The last few years have been monumental for the healthcare in the US. With the introduction of the American Reinvestment and Recovery Act (ARRA), the government laid down the foundation for a new structure in order to improve healthcare delivery. EMRs have always been on the forefront, taking most of the fire. The government along with numerous healthcare professionals believes in the value of healthcare automation. However, EMRs are merely facilitators while physicians are still responsible for delivering quality healthcare.
With an estimate of $6600 in healthcare costs being spent on an individual per annum, the effectiveness of the ARRA is instrumental in re-shaping the future of healthcare. “The government cannot afford any hiccups. We are all too far invested in this for it not to work.” comments a healthcare IT executive. “$6600? I don’t see it. Where is it going? You step out right now and look around you tell me if you can spot one individual that had 6600 spent on their health, one individual.” remarked a construction worker from New Jersey, during an independent survey.
The Meaningful Use requirements provide an effective road map for delivering quality healthcare. Its objective is to ensure that physicians learn how to effectively utilize EMRs and improve healthcare delivery. CMS introduced this exercise to help physicians realize what an EMR is capable of and how it adds to their care quality.
Likewise, the Affordable Care Act reforms have resulted in better EMR adoption rates. The government believes that there is at least $300 billion to be saved through standardization of health information technology. However, despite the expected benefits, there is still lot of skepticism surrounding EMRs. Many physicians believe that EMRs in fact do not add to practice productivity, but instead slow them down while increasing their overheads.
In a recent study by Danny McCormick and David Bor of Cambridge Health Alliance and Stephanie Woolhandler and David Himmelstein of CUNY School of Public Health indicated that EMRs may actually increase the frequency of tests ordered by physicians. More than 28,700 of patient visits and nearly 1,200 doctors were surveyed to determine the outcome. The study shows that physicians utilizing EHRs were 5% more likely to order imaging, rather than doctors who did not.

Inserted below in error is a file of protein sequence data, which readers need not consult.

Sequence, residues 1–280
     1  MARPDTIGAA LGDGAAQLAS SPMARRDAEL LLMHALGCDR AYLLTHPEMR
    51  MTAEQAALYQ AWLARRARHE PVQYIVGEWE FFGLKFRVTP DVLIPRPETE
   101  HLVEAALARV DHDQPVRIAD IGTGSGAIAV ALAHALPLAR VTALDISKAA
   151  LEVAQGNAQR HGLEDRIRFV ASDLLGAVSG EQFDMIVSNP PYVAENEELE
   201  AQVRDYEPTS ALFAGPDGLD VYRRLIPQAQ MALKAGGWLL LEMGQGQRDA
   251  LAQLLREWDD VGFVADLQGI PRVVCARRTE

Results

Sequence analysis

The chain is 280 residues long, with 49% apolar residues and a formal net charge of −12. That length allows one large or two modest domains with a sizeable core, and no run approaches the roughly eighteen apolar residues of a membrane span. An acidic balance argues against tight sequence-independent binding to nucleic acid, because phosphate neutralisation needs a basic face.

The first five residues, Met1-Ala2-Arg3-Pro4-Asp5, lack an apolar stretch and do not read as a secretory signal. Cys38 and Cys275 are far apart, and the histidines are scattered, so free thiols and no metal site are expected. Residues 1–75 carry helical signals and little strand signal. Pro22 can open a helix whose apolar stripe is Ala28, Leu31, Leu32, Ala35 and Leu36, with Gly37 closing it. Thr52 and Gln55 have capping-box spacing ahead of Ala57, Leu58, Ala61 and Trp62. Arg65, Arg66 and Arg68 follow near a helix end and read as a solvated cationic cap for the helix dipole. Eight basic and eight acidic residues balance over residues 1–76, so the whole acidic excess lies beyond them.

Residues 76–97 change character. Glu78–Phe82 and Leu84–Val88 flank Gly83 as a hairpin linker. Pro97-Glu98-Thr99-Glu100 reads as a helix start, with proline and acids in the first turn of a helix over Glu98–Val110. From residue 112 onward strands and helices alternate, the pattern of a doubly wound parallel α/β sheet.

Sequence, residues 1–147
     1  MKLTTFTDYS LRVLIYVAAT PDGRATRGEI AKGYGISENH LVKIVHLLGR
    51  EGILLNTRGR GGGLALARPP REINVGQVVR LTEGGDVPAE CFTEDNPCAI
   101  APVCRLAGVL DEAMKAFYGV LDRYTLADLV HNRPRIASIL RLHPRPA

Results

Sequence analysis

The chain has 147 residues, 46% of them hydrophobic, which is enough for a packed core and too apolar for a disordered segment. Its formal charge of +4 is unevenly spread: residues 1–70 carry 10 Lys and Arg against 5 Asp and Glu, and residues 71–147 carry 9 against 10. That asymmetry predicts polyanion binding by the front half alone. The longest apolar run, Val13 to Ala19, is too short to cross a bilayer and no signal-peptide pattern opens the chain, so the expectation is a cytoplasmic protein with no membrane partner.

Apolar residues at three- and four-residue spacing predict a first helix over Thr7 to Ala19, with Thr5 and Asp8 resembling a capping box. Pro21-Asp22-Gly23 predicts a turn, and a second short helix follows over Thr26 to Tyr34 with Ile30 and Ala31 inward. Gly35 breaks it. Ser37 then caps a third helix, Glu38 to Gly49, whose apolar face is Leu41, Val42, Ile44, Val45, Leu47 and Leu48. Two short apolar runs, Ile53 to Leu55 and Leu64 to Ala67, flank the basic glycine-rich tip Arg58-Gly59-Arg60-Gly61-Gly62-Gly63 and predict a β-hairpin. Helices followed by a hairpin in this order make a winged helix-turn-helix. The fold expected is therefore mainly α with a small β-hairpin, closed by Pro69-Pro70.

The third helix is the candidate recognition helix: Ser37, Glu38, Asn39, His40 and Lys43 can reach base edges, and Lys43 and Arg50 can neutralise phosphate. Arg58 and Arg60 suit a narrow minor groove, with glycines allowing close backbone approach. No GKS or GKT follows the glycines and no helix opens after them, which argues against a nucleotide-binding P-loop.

Danny McCormick believed that it was important to point out the contrast of the actual findings with the commonly constructed belief of EMRs decreasing health costs. However, he went on to state that it is attributable to the enhanced interoperability provided by EMRs that doctors can expect to get results faster and can easily view them on their screens.
Dr. David Blumenthal, who served as the national coordinator for Health IT at the Department of Health and Human Services from 2009-2011, pointed out that the study represents order of tests and not costs. He went on to state that the study does not take into account the overall impact of EHRs and accumulative healthcare costs. “The study doesn’t look at the benefits for quality of care at all. It’s possible that the use of tests by some of the doctors could have avoided other costs. This study has no way of assessing the overall implications of the behavior that it’s finding.”
Dr. Farzad Mostashari who is the National Coordinator for Health IT also voiced similar concerns in his reply. He believes that the study showed little evidence and did not consider the impact of EMRs in improving healthcare delivery. He also pointed out that due to the nature of the study it was not designed to answer questions about cost and quality. “Many other variables that could affect physician behavior could not be examined in this study, including having a sicker patient population, level of physician training, approach to defensive medicine, and, importantly, financial arrangements.”
The EMR is a technology that compels change and as long as it is resisted, its potential will remain muted.